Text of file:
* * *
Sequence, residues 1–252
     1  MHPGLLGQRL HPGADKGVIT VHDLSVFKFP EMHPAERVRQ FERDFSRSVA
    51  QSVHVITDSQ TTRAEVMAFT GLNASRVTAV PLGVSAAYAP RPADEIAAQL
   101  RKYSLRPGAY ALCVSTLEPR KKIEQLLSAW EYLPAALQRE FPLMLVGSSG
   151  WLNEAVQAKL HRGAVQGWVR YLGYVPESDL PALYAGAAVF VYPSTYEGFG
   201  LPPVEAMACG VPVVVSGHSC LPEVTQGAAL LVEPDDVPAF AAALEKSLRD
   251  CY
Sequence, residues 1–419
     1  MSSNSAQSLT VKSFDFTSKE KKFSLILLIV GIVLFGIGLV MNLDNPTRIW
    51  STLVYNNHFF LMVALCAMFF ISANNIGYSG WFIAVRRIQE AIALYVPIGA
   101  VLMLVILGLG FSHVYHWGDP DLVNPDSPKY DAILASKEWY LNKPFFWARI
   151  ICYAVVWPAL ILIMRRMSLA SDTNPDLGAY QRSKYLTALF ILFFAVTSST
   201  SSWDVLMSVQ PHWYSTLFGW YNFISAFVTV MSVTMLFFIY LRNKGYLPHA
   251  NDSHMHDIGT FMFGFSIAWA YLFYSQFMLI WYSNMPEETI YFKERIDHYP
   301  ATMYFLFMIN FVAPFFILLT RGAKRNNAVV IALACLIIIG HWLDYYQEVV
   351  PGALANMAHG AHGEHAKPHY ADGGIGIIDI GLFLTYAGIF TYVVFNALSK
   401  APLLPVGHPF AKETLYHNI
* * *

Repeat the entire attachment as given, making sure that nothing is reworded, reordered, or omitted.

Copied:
Sequence, residues 1–252
     1  MHPGLLGQRL HPGADKGVIT VHDLSVFKFP EMHPAERVRQ FERDFSRSVA
    51  QSVHVITDSQ TTRAEVMAFT GLNASRVTAV PLGVSAAYAP RPADEIAAQL
   101  RKYSLRPGAY ALCVSTLEPR KKIEQLLSAW EYLPAALQRE FPLMLVGSSG
   151  WLNEAVQAKL HRGAVQGWVR YLGYVPESDL PALYAGAAVF VYPSTYEGFG
   201  LPPVEAMACG VPVVVSGHSC LPEVTQGAAL LVEPDDVPAF AAALEKSLRD
   251  CY
Sequence, residues 1–419
     1  MSSNSAQSLT VKSFDFTSKE KKFSLILLIV GIVLFGIGLV MNLDNPTRIW
    51  STLVYNNHFF LMVALCAMFF ISANNIGYSG WFIAVRRIQE AIALYVPIGA
   101  VLMLVILGLG FSHVYHWGDP DLVNPDSPKY DAILASKEWY LNKPFFWARI
   151  ICYAVVWPAL ILIMRRMSLA SDTNPDLGAY QRSKYLTALF ILFFAVTSST
   201  SSWDVLMSVQ PHWYSTLFGW YNFISAFVTV MSVTMLFFIY LRNKGYLPHA
   251  NDSHMHDIGT FMFGFSIAWA YLFYSQFMLI WYSNMPEETI YFKERIDHYP
   301  ATMYFLFMIN FVAPFFILLT RGAKRNNAVV IALACLIIIG HWLDYYQEVV
   351  PGALANMAHG AHGEHAKPHY ADGGIGIIDI GLFLTYAGIF TYVVFNALSK
   401  APLLPVGHPF AKETLYHNI